METAIRIE — A pair of “juniors” made their dads proud Saturday.
Kenny Stills Jr. and Rufus Johnson Jr. became the last two members of the Saints’ 2013 draft class, continuing a football lineage begun by their fathers.
“Since age six, when I started playing football, I dreamed of playing in the NFL, especially since my dad played,” said Stills, a wide receiver from Oklahoma whose father, Ken, spent five years in the league as a safety with Green Bay and Minnesota. “It was almost like we were in competition for me to get drafted over him.”
Stills Jr. did, going to the Saints in the fifth round as the 144th player selected Saturday. Stills Sr. was 209 (eighth round) by the Packers in 1985 out of Wisconsin.
Rufus Johnson Sr. never made it to the NFL. His playing career ended at Texas Tech.
But for the younger Johnson, a defensive end out of Division II Tarleton State in Stephenville, Texas, hearing his name called in the sixth round was perhaps even more meaningful.
His father is undergoing dialysis and, the younger Johnson said Saturday, “It’s a hard deal for him.”
But he added, seeing his son drafted brightened Johnson Sr.’s day.
“He’s just smiled and said, ‘Good work,’ ” the younger Johnson said. “And I kissed him on the forehead.
“It’s a big deal to him.’
Stills Jr. was indeed born to be in the NFL.
Not only was his father in the league, but his uncle, Gary, was a linebacker whose career lasted 10 years with three teams.
Stills Jr. grew up Encinitas, Calif., near San Diego, where he was a five-star recruit coming out of La Costa Canyon High School and even caught passes from Drew Brees, his future quarterback with the Saints, at Todd Durkin’s fitness center in San Diego.
“Getting rid of Drew Brees or at least letting him go was one of the worst things we (the Chargers) have done,” Stills said. “I knew he was great.”
At Oklahoma, Stills started all 38 games in which he played over three seasons, teaming with quarterback Landry Jones, who was drafted by Pittsburgh in the fourth round Saturday.
Johnson Jr.’s path to the pros was somewhat rockier.
An all-district player at Spruce High in Dallas who was recruited by Mississippi State and Baylor among others, Johnson was a nonqualifier who wound up at Kilgore (Texas) Junior College.
Two years later and with a self-confessed “bad attitude,” he wound up at Tarleton State, located about 75 southwest of Dallas.
At Tarleton, the alma mater of Saalim Hakim, a late-season addition to the Saints’ roster last season, Johnson blossomed as a prospect and grew as a person.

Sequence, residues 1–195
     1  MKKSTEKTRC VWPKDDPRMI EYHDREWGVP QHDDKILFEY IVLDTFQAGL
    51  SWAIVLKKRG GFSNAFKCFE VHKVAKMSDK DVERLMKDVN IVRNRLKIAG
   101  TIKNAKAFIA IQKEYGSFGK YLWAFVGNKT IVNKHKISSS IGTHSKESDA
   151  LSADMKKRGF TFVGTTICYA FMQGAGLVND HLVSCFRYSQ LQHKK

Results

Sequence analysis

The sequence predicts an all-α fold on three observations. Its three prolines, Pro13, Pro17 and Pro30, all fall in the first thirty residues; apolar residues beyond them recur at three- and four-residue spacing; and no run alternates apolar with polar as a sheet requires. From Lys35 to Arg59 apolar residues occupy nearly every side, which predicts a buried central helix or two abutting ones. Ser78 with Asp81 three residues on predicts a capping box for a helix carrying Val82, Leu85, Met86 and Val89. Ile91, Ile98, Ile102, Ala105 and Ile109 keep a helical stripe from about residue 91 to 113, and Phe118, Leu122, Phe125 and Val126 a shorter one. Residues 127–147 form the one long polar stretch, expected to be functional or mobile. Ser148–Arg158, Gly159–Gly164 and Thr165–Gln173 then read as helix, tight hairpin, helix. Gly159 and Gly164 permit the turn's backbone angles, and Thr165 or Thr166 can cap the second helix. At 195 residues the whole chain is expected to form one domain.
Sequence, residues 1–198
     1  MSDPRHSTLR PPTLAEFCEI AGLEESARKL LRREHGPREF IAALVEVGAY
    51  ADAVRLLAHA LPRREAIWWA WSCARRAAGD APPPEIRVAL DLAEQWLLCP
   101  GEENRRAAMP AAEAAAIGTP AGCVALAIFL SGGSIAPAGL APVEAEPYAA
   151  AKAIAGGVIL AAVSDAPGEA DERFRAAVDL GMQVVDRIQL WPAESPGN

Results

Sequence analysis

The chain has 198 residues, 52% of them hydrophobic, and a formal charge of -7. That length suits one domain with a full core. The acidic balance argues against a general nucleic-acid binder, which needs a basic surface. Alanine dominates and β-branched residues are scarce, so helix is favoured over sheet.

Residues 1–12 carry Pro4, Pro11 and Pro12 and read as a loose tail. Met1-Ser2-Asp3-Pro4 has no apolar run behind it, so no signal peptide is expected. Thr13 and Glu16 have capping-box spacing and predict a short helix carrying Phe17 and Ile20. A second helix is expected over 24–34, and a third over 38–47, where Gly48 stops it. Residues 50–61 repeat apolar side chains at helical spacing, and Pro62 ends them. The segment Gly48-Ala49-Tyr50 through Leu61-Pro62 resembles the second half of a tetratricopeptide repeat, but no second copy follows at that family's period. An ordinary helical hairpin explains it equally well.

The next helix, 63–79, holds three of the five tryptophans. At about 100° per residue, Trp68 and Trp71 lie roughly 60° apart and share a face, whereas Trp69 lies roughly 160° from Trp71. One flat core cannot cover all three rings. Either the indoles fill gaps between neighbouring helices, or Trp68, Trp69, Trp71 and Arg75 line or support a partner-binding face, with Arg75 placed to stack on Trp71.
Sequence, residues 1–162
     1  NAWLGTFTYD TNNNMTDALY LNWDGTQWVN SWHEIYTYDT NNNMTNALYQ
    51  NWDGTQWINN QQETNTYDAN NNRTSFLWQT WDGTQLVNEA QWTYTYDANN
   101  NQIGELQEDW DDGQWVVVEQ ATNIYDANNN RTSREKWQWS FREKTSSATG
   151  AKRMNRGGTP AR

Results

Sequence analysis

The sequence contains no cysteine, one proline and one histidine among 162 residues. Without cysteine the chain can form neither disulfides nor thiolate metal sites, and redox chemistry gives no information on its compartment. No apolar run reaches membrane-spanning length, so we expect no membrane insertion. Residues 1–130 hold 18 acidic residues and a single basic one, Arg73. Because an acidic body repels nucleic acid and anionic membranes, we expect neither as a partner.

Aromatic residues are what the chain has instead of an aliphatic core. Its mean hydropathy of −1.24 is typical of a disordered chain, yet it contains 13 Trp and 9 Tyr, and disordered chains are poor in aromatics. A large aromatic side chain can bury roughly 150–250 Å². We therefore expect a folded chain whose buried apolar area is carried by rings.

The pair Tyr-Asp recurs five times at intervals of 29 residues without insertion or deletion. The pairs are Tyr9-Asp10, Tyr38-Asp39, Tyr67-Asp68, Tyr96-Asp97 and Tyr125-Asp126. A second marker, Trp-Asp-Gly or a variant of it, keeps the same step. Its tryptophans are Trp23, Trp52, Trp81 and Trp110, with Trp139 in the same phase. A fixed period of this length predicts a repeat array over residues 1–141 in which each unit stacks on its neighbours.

“I enjoyed my time there,” he said. “Coach (Cary) Fowler was a wonderful coach.
“He helped me mature a lot, helped me become a man and really looked out for me. Right now, it’s just a blessing.”
That’s why Johnson had a low-key watching party in his home Saturday and was overcome with emotion both when he got the call from the Saints and several minutes later in a conference call with the media.
“I can’t even talk right now,” he said. “My heart is beating fast. I’m sweating and stuff.
“I just broke down and couldn’t even talk to my dad. This is such a blessing to me.”
Stills had opted to leave Oklahoma a year early even though he had been advised he would be no better than a third-round choice,
The evaluations he received later were such that Stills didn’t even watch the draft Friday, spending time on the beach with his friends.
Then Saturday he watched as the fourth round went by plus the first 10 picks of the fifth before his name was called.
“I don’t have any regrets,” said Stills, who was the 21st wide receiver selected. “I have a strong faith in my plan and God’s plan for me was to go in the fifth round. I am where I am because of that. All I have to do is god to work now and prove people wrong, all of the people that doubted me. I love being the underdog.”
In Johnson’s case, he had no choice.
“Coming from a small school, I know the bigger school guys are the ones who get drafted,” he said. “I felt like I was the underdog. I know a lot of people haven’t heard about me, but having this opportunity I really think I have a chance to showcase what I really can do at the top level.”
And fulfill his father’s dreams.
“My dad gave me the smile he’s been giving me since I was six years old, ever since I was playing Pop Warner,” Johnson said. “And then he told me now it’s time to go to work.”
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